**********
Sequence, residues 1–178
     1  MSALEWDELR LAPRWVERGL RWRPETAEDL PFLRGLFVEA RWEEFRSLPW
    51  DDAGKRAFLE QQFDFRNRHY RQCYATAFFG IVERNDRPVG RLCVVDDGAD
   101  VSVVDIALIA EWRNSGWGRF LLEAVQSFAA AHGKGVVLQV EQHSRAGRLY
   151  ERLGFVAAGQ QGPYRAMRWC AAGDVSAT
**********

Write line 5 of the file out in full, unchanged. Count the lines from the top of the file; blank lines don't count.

   151  ERLGFVAAGQ QGPYRAMRWC AAGDVSAT